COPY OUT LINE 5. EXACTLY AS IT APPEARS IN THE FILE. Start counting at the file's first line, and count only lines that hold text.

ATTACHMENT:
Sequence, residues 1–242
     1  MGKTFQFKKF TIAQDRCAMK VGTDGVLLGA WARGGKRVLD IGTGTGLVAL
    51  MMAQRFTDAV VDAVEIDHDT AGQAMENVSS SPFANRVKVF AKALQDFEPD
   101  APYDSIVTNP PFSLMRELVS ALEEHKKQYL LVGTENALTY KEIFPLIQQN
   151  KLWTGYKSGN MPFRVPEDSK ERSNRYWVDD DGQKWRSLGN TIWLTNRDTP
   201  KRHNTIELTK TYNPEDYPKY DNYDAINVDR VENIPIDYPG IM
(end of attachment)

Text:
   151  KLWTGYKSGN MPFRVPEDSK ERSNRYWVDD DGQKWRSLGN TIWLTNRDTP